Information Today
Volume 19, Issue 5 — May 2002
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IT Feature •
Removing Information from the Public Web
An ITI Snap Poll drew heavy response and many interesting comments
by Paula J. Hane

There's no question that we've all felt the effects of heightened security measures since September 11. Manyhave declared that life in the U.S. will never be the same following the terrorist acts and the ensuing sense of vulnerability. Our airports, borders, and public spaces have all been tightened down. But what are the implications of removing "sensitive information" from the public domain on the basis that it could be used for terrorism?

To gauge our readers' opinions on the matter of diminished access to Web-based information, we posted a snap poll on the Information Today, Inc. Web site that read as follows:

Many government agencies and some companies are removing information from their Web sites in response to concerns about security. Is this restricted access to information justified under our current circumstances? Yes. No. Please comment.

Because of the large number of responses and comments, the poll was left up longer than usual. It ran from December 2, 2001 until March 5, 2002. It garnered 577 votes, of which 259 (45 percent) said yes, restricted access is justified, and 318 (55 percent) said no, it's not. While the votes were split by a fairly small margin, the respondents' comments leaned much more in support of the "no" vote, with 26 (70 percent of those commenting) taking the time to express their views, some of them quite passionately. Just 11 people wrote in support of the "yes" vote.

A few of the "yes" comments were very definite about the national security issues that are involved with restricted access and the "extraordinary" circumstances we are now experiencing. One respondent said, "We have enjoyed unlimited freedom for many years but I'm afraid that some of our rights and privileges may have to be sacrificed in the name of security." Another noted that the restrictions are justified because providing easily accessible information amounts to "doing the homework for the bad guys." Others said it's better to be safe than sorry.

One very thoughtful response from a librarian indicated "great concerns about the abuse of this very important power" and said that his/her "yes" vote was "highly limited." The comments continued, "I don't believe it's in our national interests to Web-publish detailed instructions for avoiding airport security [as reported by the GAO], but I am concerned that 'national security' will become an umbrella to hide everything from Enron connections to poor auditing to general sloppiness and incompetence."

Several people called the removal of information an overreaction or a "knee-jerk reaction" and asked for restraint and common sense to prevail. A number pointed out the difficulties in determining the restrictions. One questioned: "Where does one draw the line when removing information? Who decides what can remain and what should be removed for 'our safety?' What do they know about the many uses of this information?" Several of the respondents pointed out that access to information is the basis for the advancement of knowledge and technological improvements. Others called the removal of information "feel-good rubbish" and part of a national "hysteria."

On December 5 (shortly after the poll was posted), a district court judge ordered the Department of the Interior to disconnect its computers from the Internet because of security concerns over the accounting system that managed Indian land royalties. The effects were wide-ranging. All of the National Park Service sites went down, as did the U.S. Geological Survey, the Bureau of Land Management, the U.S. Fish and Wildlife Service, and others. Four months later, most but not all of the department's access has been restored. According to a report in Wired, Interior Secretary Gale Norton still can't send e-mail. One of our poll respondents commented on his inability to reach the National Park Service's Pearl Harbor Web site and called it "shameful conduct" on the part of the court and the department.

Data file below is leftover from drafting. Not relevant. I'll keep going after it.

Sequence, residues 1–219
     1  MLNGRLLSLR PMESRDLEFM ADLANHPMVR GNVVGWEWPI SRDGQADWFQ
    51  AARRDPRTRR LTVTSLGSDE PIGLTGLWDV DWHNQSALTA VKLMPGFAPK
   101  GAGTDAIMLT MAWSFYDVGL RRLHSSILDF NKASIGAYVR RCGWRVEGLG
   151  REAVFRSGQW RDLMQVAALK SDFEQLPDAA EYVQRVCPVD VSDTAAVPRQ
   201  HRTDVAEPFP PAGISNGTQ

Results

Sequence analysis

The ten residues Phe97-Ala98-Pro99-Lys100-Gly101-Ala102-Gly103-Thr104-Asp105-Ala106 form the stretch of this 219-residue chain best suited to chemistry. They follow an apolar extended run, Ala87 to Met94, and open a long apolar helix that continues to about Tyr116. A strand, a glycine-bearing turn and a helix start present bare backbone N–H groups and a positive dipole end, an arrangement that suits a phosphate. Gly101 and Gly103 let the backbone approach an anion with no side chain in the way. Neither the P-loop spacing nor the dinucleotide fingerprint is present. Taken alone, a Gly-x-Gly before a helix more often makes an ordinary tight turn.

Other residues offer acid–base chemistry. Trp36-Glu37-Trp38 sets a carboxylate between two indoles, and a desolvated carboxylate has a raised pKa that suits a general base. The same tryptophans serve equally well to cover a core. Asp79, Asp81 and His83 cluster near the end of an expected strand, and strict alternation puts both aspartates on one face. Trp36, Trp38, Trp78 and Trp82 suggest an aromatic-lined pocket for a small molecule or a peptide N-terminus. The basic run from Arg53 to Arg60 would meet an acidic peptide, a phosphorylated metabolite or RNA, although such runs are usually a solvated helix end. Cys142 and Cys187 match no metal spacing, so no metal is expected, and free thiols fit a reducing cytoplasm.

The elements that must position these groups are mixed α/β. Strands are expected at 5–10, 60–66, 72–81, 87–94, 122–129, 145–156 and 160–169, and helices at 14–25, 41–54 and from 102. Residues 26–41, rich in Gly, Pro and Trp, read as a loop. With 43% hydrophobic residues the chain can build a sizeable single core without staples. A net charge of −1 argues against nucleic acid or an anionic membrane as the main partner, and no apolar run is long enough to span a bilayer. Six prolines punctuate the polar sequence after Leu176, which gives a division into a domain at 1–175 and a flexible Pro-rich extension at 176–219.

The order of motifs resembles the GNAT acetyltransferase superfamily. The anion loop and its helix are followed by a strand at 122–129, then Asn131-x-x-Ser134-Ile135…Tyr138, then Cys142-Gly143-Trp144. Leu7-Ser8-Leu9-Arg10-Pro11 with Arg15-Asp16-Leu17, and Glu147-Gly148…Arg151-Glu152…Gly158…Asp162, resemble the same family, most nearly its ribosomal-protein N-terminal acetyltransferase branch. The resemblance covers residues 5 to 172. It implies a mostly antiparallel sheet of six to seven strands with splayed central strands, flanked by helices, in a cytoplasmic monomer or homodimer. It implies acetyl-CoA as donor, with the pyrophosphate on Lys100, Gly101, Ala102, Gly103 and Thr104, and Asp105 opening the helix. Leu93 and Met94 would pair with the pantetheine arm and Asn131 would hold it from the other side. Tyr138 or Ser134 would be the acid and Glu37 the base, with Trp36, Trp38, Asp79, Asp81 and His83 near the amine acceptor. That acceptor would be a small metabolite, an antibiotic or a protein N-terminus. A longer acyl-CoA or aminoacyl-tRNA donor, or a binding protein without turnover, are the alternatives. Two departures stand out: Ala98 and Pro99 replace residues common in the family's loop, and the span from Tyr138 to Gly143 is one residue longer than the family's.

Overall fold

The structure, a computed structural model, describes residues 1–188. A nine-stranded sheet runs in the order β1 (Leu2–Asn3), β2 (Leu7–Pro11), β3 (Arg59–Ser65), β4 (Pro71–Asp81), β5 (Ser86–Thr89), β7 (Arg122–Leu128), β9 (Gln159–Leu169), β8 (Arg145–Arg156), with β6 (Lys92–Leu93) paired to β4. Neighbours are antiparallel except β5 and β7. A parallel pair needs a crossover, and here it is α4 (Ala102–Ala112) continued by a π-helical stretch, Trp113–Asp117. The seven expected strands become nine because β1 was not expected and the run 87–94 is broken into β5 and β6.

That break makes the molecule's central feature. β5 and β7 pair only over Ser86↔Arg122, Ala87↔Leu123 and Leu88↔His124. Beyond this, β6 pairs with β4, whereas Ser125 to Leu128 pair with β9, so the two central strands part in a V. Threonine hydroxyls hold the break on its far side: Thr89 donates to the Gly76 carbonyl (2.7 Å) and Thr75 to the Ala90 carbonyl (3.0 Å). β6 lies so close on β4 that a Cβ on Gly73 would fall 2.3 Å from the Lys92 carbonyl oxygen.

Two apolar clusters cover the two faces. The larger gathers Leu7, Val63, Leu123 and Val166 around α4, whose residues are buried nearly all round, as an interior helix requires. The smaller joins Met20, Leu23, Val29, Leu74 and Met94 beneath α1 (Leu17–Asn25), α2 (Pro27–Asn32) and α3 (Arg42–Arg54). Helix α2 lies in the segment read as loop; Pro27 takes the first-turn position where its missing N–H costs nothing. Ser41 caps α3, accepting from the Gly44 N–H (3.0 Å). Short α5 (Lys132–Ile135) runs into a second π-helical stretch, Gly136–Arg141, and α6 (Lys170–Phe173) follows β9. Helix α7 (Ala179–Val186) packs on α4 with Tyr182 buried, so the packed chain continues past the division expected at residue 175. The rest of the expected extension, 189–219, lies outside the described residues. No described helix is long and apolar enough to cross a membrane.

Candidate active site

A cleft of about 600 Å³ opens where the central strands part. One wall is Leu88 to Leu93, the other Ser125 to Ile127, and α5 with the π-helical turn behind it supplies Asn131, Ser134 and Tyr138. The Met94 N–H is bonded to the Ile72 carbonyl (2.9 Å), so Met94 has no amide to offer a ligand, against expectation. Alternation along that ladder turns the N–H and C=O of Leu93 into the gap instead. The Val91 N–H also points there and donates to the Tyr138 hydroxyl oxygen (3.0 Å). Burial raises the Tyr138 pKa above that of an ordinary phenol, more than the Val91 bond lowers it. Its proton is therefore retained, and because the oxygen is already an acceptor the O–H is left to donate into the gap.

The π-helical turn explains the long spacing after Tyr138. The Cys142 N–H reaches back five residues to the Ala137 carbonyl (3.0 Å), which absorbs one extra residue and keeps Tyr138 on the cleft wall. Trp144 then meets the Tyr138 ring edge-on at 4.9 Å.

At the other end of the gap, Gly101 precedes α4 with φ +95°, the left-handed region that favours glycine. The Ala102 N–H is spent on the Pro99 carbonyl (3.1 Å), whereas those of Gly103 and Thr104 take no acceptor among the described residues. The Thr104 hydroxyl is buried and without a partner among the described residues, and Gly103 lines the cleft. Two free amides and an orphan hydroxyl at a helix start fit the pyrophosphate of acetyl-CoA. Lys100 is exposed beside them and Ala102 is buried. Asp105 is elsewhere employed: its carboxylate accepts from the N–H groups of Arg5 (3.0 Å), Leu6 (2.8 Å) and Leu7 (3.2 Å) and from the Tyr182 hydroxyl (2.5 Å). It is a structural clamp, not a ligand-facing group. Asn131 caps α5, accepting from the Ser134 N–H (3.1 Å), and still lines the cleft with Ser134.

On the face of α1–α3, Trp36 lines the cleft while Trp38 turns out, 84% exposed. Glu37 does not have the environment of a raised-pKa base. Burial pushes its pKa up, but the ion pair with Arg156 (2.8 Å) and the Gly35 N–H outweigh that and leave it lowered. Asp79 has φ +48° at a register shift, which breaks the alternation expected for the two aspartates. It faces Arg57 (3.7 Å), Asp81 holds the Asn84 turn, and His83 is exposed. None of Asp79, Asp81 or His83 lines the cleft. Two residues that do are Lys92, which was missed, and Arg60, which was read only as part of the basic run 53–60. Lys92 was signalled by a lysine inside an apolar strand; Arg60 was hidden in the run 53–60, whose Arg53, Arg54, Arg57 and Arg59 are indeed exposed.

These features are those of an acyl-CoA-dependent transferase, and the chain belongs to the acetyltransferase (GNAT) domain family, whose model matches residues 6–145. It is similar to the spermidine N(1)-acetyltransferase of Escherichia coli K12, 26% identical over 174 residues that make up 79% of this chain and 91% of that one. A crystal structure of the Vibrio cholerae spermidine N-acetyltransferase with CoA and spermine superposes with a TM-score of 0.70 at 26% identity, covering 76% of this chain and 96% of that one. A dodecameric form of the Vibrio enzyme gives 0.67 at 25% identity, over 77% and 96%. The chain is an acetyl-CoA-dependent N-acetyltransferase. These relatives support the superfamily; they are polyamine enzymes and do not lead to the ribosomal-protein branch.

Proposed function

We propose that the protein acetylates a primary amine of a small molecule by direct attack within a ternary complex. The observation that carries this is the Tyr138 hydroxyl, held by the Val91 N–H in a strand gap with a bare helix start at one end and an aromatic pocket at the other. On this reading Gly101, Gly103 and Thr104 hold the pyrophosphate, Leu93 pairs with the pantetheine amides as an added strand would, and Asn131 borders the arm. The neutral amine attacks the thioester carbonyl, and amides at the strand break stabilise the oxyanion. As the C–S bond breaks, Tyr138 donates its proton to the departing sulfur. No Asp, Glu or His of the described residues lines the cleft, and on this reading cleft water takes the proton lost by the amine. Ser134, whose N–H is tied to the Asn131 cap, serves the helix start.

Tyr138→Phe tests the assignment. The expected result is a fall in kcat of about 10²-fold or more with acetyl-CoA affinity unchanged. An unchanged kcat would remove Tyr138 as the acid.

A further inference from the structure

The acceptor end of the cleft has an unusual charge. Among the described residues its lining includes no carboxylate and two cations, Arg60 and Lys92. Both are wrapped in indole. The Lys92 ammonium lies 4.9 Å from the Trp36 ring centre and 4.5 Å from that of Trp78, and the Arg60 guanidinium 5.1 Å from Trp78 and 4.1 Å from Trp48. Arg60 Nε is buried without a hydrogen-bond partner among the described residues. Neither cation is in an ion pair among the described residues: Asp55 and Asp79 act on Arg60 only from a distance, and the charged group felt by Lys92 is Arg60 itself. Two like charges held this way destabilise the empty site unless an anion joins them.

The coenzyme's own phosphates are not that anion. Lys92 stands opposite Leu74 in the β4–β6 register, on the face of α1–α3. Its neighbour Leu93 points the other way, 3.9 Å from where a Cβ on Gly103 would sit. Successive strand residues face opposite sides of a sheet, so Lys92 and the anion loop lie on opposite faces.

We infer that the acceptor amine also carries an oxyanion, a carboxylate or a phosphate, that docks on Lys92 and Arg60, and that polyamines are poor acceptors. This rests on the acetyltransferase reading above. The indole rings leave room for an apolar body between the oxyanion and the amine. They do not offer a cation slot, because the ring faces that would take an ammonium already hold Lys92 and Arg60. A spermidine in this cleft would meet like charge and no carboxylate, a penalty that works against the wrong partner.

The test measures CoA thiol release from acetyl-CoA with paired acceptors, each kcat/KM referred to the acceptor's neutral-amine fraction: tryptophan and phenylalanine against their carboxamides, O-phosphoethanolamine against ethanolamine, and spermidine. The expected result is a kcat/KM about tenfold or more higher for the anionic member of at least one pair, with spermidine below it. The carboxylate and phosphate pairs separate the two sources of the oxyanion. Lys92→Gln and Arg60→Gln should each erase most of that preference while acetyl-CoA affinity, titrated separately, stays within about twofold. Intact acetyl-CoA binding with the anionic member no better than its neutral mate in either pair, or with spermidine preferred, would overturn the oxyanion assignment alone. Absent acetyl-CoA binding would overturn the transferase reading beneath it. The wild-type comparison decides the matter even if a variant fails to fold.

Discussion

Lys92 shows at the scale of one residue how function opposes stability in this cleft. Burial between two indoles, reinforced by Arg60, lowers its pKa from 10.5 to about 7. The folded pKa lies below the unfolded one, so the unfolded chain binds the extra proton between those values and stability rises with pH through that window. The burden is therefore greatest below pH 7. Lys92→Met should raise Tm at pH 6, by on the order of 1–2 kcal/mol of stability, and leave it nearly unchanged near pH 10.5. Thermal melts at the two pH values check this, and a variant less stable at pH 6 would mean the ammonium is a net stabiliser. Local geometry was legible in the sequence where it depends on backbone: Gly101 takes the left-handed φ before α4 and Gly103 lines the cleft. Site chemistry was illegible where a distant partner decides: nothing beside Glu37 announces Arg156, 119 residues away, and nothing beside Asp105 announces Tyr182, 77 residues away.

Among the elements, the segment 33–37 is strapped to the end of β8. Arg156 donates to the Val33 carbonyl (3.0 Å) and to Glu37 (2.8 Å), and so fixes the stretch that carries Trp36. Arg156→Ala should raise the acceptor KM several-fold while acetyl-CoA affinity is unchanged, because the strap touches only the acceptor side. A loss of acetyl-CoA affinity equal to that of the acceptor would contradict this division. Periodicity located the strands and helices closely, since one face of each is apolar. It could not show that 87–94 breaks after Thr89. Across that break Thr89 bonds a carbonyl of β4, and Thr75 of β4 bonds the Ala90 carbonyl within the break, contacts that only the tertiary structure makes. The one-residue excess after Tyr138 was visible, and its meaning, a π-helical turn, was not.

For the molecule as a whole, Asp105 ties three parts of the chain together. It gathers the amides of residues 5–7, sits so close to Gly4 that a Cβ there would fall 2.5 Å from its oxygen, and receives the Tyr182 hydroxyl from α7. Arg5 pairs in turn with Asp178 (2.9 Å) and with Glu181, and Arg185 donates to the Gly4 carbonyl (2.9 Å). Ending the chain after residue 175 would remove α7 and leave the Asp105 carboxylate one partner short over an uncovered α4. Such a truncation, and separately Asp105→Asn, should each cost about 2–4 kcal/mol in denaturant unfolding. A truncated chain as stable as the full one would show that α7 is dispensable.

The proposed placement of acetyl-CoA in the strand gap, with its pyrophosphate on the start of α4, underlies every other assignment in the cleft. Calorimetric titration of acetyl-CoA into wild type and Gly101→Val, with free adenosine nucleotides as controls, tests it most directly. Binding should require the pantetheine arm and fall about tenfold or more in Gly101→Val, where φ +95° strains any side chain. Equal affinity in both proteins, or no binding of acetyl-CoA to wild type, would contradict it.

Looking at the Big Picture
The removal of government information has certainly not been limited to the Department of the Interior or just to the federal government. OMB Watch, a group that promotes "government accountability," has been keeping a list of information that's been removed from federal and state government Web sites ( It's definitely worth a look. The list ranges widely and includes transportation data, maps, pipeline data, environmental data such as air and water quality, documents in the National Archives, and risk-management and emergency-response plans.

In March, the Environmental Protection Agency (EPA) announced that it would no longer allow direct access to the Envirofacts databases. It stated that "As part of our continuing efforts to respond to Homeland Security issues ... starting April 1, 2002, Direct Connect access will no longer be available to the general public. Direct Connect access to Envirofacts will only be available to U.S. EPA employees, U.S. EPA Contractors, the Military, Federal Government, and State Agency employees." Limited access to Envirofacts databases continues to be available to the public via the Envirofacts site (

Rather than subsiding, the issue of government-information removal from the public Web has actually escalated in the last few months with the latest executive directive. On March 19, White House chief of staff Andrew Card released a memo to all heads of executive departments and agencies that called for "an immediate reexamination" of current measures for identifying and protecting information on weapons of mass destruction. But the memo expands the information to include "other information that could be misused to harm the security of our Nation and the safety of our people."

An accompanying memo from the Information Security Oversight Office specified that information that could be used to help someone develop or utilize weapons of mass destruction should be kept classified or reclassified. It also called for departments to protect "Sensitive But Unclassified Information." The memo stated, "The need to protect such sensitive information from inappropriate disclosure should be carefully considered, on a case-by-case basis, together with the benefits that result from the open and efficient exchange of scientific, technical, and like information." This caused a number of media observers and public-interest advocates to express concerns about this vague new category and the possible effects on the public's right to know. Given such a gray area between public and classified information, some worry that this would also sweep away information that's important for public safety.